Incorporation of Si atom in the main chain of the π-conjugated polymers is effective to shorten the conjugation length [3] - [14] . Kim et al. reported the incorporation of Si atom into poly(p-phenylenevinlene), which showed blue-emission [3] . Masuda et al. synthesized poly(phenylene-ethnylene) containing Si atom in the main chain [4] . They observed the emissions of the polymers derived from not only π-π* transition of the π-conjuga- tion but intramolecular charge transfer through σ-π conjugation. We developed fluorene- and carbazole-based alternating copolymers containing Si-vinylene units in the main chain [15] [16] . These copolymers were synthesized by alternating copolymerization of dibromofluorene or dibromocarbazole with Si containing divinyl or diallyl compounds using Mizoroki-Heck reaction with a Pd catalyst. Incorporation of Si and unsaturated vinylene units in the main chain of the conjugated polymers was effective to improve solubility in the organic solvents. The incorporation of Si or vinylene units in the π-conjugated polymers played the opposite role for their photophysical properties. That is, the Si units shorten and vinylene units extend the conjugation length. The fluorene- and carbazole-based alternating copolymers containing Si-vinylene units in the main chain showed both the blue-shift and red-shift in the absorption and luminescence peaks depend on the state of the copolymers. As the next step, we came to an idea to incorporate Si-ethynlene units in the corresponding copolymers.

The conjugated network polymers with the σ-π conjugation have been synthesized by some synthetic methods [6] [17] - [19] . Neckers et al. synthesized dendritic poly(p-phenylenevinlene) containing Si-vinylene units, and reported the relationship between length of the p-phenylenevinlene unit and quantum yield [17] . Yamashita et al. synthesized σ-π conjugated network polymers by a hydrosilylation reaction between dihydrosilane compounds and diethynyl/triethynyl-benzene mixture, and reported increase of the absorption and fluorescence intensities with increasing of the crosslinking density [6] . Ishikawa et al. reported synthesis of the σ-π conjugated network copolymers by a crosslinking of poly[(silylene)diethnylene] with 1,4-bis(methylphenylsilyl)benzene using a hydrosilylation reaction [19] . This method is usable to synthesize the network polymers with the σ-π conjugation from the fluorene- and carbazole-based copolymers having Si-ethynlene units in the main chain synthesized in this report.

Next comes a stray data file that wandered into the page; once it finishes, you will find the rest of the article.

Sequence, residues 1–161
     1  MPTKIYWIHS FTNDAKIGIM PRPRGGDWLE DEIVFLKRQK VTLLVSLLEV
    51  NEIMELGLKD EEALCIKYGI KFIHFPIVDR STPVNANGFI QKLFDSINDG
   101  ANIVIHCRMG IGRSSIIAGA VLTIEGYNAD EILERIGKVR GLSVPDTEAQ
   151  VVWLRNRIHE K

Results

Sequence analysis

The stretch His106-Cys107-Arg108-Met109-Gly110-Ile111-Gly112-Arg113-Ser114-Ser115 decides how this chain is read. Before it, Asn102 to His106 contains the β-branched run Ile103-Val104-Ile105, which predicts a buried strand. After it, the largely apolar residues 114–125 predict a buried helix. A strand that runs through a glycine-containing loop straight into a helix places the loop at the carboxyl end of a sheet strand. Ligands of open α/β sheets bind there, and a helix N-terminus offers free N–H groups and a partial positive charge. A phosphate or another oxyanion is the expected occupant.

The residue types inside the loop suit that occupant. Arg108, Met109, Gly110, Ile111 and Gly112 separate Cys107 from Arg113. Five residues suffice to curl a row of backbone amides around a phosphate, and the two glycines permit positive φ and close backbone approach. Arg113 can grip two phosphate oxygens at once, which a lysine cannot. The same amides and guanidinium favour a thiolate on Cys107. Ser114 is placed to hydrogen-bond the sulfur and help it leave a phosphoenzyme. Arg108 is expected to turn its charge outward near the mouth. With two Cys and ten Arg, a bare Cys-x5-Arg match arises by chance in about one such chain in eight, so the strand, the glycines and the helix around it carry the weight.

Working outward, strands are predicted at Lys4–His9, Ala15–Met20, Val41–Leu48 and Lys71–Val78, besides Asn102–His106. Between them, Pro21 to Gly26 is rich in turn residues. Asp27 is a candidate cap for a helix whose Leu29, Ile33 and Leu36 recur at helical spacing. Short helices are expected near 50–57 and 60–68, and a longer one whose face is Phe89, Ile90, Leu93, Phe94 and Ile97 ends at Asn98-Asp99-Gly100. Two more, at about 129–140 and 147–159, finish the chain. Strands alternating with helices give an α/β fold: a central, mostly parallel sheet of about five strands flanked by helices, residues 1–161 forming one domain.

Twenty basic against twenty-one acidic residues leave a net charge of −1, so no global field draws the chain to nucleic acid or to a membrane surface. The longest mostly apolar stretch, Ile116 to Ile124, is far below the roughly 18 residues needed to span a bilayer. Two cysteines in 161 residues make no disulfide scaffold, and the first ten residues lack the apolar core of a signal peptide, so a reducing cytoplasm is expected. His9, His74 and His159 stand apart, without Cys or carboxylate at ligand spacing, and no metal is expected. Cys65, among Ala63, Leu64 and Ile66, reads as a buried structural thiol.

This paper reports the alternating copolymerization of 9,9-dihexyl-2,7-dibromofluorene (HFl) or N-hexyl-2,7- dibromocarbazole (HCz) with diethynylene Si compounds, diethynyldimethylsilane (EMS) or diethynyldiphenylsilane (EPS), by Sonogashira coupling reaction, as shown in Scheme 1, and the photophysical properties of the resulting copolymers. We also synthesize the network polymers by a hydrosilylation reaction of the obtained copolymers with 1,4-bis(dimethylsilyl)benzene (DMSB), and study the effect of the networking on the photophysical properties in comparison with the original linear copolymers.